Do you have a friend in trouble? Maybe he–could be she but I’ll just say he–is struggling with sin. Or maybe he’s discouraged because being a Christian hard. Perhaps he’s ostracized because of his faith. His colleagues at work don’t like him. His neighbors think he’s a little strange.
Imagine your friend tells you that he’s wondering if being a Christian is really worth it. He’s tired of having to be discriminating with the movies he watches. He’s tired of fighting the temptation to wander in and out of porn. And frankly, he’s tired of being told that he shouldn’t live life for himself. He sees what he could be making if he was willing to walk on people on the way to top like everybody else. He thinks about the nicer car he could drive if he didn’t give ten percent to the church. Your friend says, “It’s not fair.” He’s feeling a bit angry with God.
What’s more, he’s tired of always being the odd man out when his extended family talks about abortion or homosexuality. He’s doesn’t want to be the seen as the narrow-minded, judgmental, prudish Christian anymore. He’s ready to quit defending the uniqueness of Jesus Christ in a pluralistic world.
And on top of all this, he’s weary of serving others and trying to love people he doesn’t like. He wants to blow his top like everybody else and harbor feelings of revenge. He’s flat out tired of suffering for being a Christian and tired of fighting the fight as a Christian. He’s not sure all this hassle is worth it now or that it really will be worth it later.
So you sit down to write this Christian friend a letter. What do you write him? Would you tell him that, above all else, God wants him to be happy, that God wouldn’t ask him to do something that would cost him his friends or his money? Do you tell him that Christianity must change or die, that God’s truth takes on different forms in every generation and so he shouldn’t cling to outmoded beliefs about sexuality and eternal punishment? Do you assure him that whatever suffering or hardship he experiences is not from the hand of a sovereign God, but that God hurts with him as he hurts? Do you tell him that it’s okay for him to be angry with God for the things in his life and that, in fact, his doubt and bitterness toward God are actually an indication of how strong his faith really is? Would you write back and say, “Thanks for sharing your story. We all have our stories and it was great to hear yours.”? Do you tell him that faith is an adventure and he should enjoy the wild ride? Do you figure that the last thing a hurting person needs is theology, so you simply tell him that faith is a mystery and isn’t it wonderful to all be on this journey together? What would you write to your suffering, struggling, almost compromising friend?
If you were the Apostle John writing under the inspiration of the Holy Spirit, you would write to him about God.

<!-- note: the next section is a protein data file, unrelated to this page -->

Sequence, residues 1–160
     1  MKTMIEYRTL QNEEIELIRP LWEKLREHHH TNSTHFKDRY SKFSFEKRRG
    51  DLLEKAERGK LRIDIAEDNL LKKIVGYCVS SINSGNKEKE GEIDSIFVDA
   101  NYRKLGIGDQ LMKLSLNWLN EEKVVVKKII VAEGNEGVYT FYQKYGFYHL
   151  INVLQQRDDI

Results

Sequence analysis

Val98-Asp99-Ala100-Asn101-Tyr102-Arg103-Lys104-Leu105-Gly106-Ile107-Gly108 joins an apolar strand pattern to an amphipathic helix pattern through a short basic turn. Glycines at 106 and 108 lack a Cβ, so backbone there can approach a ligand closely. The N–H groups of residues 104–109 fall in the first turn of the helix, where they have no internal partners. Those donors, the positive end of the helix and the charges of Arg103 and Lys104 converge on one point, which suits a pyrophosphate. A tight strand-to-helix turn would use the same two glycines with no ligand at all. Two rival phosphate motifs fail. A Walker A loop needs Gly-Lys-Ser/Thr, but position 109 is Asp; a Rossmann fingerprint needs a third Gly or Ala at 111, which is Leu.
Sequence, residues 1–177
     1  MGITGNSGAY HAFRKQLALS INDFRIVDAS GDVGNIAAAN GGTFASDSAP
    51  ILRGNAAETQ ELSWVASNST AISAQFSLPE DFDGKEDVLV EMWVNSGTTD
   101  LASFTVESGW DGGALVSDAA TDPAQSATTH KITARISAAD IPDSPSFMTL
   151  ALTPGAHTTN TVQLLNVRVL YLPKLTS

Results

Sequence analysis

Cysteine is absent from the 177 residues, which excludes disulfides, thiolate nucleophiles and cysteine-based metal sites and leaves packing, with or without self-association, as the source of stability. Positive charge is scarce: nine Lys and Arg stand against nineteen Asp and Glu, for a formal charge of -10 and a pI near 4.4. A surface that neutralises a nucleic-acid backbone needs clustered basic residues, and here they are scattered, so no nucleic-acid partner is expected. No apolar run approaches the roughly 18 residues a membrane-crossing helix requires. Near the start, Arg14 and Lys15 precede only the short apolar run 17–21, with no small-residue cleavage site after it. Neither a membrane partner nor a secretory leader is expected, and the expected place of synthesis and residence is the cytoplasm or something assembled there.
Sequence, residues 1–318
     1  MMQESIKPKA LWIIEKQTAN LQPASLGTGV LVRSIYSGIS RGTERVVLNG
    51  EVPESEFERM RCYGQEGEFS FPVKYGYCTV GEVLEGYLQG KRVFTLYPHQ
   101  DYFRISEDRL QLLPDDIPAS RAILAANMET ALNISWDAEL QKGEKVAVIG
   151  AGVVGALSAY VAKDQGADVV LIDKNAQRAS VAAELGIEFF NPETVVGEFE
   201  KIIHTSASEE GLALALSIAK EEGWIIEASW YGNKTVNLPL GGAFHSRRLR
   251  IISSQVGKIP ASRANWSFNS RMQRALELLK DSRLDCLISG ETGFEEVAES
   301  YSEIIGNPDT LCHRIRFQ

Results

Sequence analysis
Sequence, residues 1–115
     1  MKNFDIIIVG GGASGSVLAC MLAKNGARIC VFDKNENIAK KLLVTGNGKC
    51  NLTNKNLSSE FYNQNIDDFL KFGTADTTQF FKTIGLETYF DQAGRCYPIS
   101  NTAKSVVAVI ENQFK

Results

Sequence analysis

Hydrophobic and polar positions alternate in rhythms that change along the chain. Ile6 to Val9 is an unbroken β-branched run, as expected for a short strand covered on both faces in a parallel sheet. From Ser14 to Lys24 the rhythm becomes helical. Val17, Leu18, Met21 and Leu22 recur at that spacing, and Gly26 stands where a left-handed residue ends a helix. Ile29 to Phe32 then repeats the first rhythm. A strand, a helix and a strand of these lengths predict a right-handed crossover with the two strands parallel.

John to the seven churches that are in Asia: Grace to you and peace from him who is and who was and who is to come, and from the seven spirits who are before his throne, and from Jesus Christ the faithful witness, the firstborn of the dead, and the ruler of kings on earth. To him who loves us and has freed us from our sins by his blood and made us a kingdom, priests to his God and Father, to him be glory and dominion forever and ever. Amen. Behold, he is coming with the clouds, and every eye will see him, even those who pierced him, and all tribes of the earth will wail on account of him. Even so. Amen. “I am the Alpha and the Omega,” says the Lord God, “who is and who was and who is to come, the Almighty. (Revelation 1:4-8)
It’s amazing how few of us talk to each other about God. Not about church or about being a Christian, but about God. I’m not sure if we are scared of being irrelevant, or scared of being too spiritual, or if we just plain don’t think that knowing God will help much of anything–but for some reason our initial reaction when friends are struggling or suffering or wrestling with temptation is to tell them about something other than God.
But it should not be this way.
The churches in Asia minor were facing pressure to succumb. Some were suffering for their faith and some were comprising their faith. God was calling them to overcome the struggle, overcome the temptation, and be victorious through Conquering King Jesus. So God gave a revelation to Jesus, who made it known by an angel to John, who then wrote the struggling churches of Asia Minor. And the first thing John told these Christians was of the majesty our Triune God–Father, Son, and Holy Spirit.
What you and I need most is not the affirmation of our stories, nor content-less, shapeless platitudes about the mysterious journey of faith, nor a morality pep talk, nor the undermining of God’s sovereignty. What we need is a glimpse of God in all his terrible splendor and wonderful weightiness.
After that, we need friends, and to be friends, like our friend on the Isle of Patmos.